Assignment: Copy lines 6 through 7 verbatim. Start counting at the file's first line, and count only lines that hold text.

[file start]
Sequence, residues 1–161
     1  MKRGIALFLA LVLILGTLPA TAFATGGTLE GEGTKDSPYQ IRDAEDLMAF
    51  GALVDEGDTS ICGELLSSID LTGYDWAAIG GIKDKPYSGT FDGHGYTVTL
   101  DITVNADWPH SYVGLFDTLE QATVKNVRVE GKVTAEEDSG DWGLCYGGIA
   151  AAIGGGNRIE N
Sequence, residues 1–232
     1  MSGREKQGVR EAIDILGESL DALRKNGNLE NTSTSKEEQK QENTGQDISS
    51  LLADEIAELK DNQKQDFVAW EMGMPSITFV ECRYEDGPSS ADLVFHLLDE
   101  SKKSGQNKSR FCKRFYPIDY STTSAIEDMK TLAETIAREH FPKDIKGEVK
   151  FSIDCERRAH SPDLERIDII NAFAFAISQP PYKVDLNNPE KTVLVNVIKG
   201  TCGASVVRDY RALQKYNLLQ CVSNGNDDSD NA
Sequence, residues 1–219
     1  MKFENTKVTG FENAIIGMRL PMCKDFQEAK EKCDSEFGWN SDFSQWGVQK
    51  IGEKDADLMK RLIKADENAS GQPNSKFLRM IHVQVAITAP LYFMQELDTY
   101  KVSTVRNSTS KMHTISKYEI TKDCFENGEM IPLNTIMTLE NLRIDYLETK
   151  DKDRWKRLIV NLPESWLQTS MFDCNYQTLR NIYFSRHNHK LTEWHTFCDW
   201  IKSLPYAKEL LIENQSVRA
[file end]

Sequence, residues 1–232
     1  MSGREKQGVR EAIDILGESL DALRKNGNLE NTSTSKEEQK QENTGQDISS